Nehemiah 9 – “Desisting from Foreign Wives; A Historical Hymn”

assyrianhorseHebrew-English Text
I. Summary
The people assemble in a funereal manner and decide to desist from their foreign wives. The Levites lead the congregation in a hymn that praises God’s mercy throughout Israel’s history.

II. Photo
The Levites mention the Assyrian oppression: “And now, our God, great, mighty, and awesome God, who stays faithful to His covenant, do not treat lightly all the suffering that has overtaken us — our kings, our officers, our priests, our prophets, our fathers, and all Your people — from the time of the Assyrian kings to this day.” (v. 32)

III. Important Verses
vv. 1-2: On the twenty-fourth day of this month, the Israelites assembled, fasting, in sackcloth, and with earth upon them. Those of the stock of Israel separated themselves from all foreigners, and stood and confessed their sins and the iniquities of their fathers.
vv. 7-8: You are the LORD God, who chose Abram, who brought him out of Ur of the Chaldeans and changed his name to Abraham. Finding his heart true to You, You made a covenant with him to give the land of the Canaanite, the Hittite, the Amorite, the Perizzite, the Jebusite, and the Girgashite — to give it to his descendants. And You kept Your word, for You are righteous.
v. 26: Then, defying You, they rebelled; they cast Your Teaching behind their back. They killed Your prophets who admonished them to turn them back to You; they committed great impieties.
vv. 36-37: Today we are slaves, and the land that You gave our fathers to enjoy its fruit and bounty — here we are slaves on it! On account of our sins it yields its abundant crops to kings whom You have set over us. They rule over our bodies and our beasts as they please, and we are in great distress.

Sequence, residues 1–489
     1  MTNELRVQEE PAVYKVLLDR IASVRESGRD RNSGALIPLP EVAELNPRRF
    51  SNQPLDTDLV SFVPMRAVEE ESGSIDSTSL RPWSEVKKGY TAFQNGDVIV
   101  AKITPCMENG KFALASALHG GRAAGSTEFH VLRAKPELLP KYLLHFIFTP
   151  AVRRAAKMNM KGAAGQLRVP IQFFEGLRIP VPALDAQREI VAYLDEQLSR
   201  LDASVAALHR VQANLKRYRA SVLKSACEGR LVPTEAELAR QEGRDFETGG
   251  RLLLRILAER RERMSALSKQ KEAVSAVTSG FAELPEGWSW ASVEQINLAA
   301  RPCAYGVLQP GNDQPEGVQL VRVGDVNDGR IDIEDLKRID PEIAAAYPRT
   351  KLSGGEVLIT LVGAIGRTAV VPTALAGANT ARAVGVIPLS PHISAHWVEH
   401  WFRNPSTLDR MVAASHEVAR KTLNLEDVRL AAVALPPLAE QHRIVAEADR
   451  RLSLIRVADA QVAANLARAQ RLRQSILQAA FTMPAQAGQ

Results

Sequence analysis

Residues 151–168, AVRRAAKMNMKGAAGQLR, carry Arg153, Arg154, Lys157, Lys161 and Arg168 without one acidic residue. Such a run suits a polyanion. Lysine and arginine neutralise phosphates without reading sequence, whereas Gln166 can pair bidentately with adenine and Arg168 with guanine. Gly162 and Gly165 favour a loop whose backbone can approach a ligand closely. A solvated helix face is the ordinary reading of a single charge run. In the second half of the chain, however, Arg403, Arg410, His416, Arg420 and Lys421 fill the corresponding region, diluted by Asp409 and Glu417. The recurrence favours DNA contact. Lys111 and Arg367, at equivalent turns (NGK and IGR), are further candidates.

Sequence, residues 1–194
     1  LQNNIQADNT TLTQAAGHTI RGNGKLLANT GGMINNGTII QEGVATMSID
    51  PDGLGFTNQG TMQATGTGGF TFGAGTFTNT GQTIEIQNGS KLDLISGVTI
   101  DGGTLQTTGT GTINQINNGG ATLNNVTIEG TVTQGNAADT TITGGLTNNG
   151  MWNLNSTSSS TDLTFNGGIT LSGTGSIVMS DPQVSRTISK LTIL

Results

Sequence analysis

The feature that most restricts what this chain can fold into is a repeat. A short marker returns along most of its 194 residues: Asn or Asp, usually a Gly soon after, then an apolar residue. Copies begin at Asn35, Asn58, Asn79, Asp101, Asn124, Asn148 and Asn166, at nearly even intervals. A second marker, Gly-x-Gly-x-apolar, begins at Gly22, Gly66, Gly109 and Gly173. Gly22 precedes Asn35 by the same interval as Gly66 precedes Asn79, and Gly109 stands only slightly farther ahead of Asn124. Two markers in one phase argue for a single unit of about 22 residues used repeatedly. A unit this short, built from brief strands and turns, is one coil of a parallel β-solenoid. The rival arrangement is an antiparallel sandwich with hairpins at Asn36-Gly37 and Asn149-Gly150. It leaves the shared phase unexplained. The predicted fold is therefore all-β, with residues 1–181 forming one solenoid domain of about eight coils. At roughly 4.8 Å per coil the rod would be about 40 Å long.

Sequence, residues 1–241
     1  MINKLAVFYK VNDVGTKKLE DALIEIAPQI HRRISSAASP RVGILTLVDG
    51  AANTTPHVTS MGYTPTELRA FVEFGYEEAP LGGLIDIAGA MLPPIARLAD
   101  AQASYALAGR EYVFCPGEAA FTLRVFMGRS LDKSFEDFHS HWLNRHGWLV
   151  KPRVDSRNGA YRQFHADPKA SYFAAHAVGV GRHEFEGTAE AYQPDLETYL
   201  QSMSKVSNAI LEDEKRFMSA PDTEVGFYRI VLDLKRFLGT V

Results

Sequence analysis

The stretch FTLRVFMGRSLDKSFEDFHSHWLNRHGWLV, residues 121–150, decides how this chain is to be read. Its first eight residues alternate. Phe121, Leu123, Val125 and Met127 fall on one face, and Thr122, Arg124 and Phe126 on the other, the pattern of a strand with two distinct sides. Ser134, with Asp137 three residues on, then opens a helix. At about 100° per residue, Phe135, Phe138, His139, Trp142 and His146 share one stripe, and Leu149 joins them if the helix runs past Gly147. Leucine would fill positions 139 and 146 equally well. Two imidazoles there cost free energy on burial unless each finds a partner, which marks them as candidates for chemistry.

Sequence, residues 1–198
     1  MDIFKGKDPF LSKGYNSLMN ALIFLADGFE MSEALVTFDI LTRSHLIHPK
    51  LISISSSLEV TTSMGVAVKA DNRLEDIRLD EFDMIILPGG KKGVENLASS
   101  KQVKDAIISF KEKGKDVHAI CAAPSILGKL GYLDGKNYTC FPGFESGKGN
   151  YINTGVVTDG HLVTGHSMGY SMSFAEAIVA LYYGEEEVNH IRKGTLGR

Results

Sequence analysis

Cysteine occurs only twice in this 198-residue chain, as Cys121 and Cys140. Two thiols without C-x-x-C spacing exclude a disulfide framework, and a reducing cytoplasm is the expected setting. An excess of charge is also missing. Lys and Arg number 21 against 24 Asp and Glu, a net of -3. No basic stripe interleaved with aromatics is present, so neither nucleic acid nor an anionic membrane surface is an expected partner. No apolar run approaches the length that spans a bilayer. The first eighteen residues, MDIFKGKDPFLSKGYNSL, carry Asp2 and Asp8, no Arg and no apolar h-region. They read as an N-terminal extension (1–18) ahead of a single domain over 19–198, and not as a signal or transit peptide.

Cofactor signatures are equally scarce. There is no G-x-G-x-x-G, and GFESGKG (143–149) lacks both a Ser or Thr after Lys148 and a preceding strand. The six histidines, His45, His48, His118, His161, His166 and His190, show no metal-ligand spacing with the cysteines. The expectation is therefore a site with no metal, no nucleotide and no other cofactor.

IV. Outline

1-4. The people separate from their foreign wives
5-37. Historical hymn of the Levites
    5. Introduction
    6-31. A retelling of Jewish history
        6. Creation
        7-8. Abraham
        9-15. Exodus; Laws
        16-21. The generation of the desert
        22-25a. The conquest of the land
        25b-31. Although the Jews sinned, God did not abandon them
    32. Petition
    33-35. Confession
    36-37. Complaint

V. Comment
Nehemiah 9 concerns the problem of intermarriage. This was a topic dealt with in Ezra 9-10. Collins writes in regards to Ezra’s ordinances: “The problem of intermarriage is based on two passages in Deuteronomy. Chapter 7 orders the Israelites to destroy utterly the seven nations who inhabited the land before them: Hittites, Girgashites, Ammonites, Canaanites, Perizzites, Hivvites, and Jebusites. It adds: ‘Do not intermarry with them, giving your daughters to their sons or taking their daughters for for your sons, for that would turn away your children from following me, to serve other gods.’ In this case idolatry seems to be the issue, and the prohibition applies equally whether the amrriage iw with foreign men or foreign women. Deuteronomy 23:3-8 declares categorically: ‘No Ammonite or Moabite shall be admitted to the assembly of the Lord.’ But the passage continues in 23:7-8: ‘You shall not abhor any of the Edomites, for they are your kin. You shall not abhor any of the Egyptians, because you were an alien residing in their land. The children of the third generation that are born to them may be admitted to the assembly of the Lord.’ It is apparent that Ezra’s prohibition of intermarriage is broader than either of these, because it includes the Egyptians. The point, then, is not just strict observance of the law, but bespeaks a more extreme fear of contact with outsiders. Moreover, Ezra provides a new rationale for the prohibition. The danger is not just that those who worship other gods might lead the Israelites into idolatry, but that the ‘holy seed’ would be defiled by the union itself. This is quite a novel idea in the Hebrew Bible, and presupposes a greater gulf between Jew and Gentile than anything we have seen hitherto. This idea is rooted in the self-identity of the exilic community as a pure and holy remnant, and its determination to keep that character pristine.” (435)

VI. Works Used

(see “Commentaries” page)
Collins, John J. Introduction to the Hebrew Bible (Minneapolis: Fortress Press, 2004).

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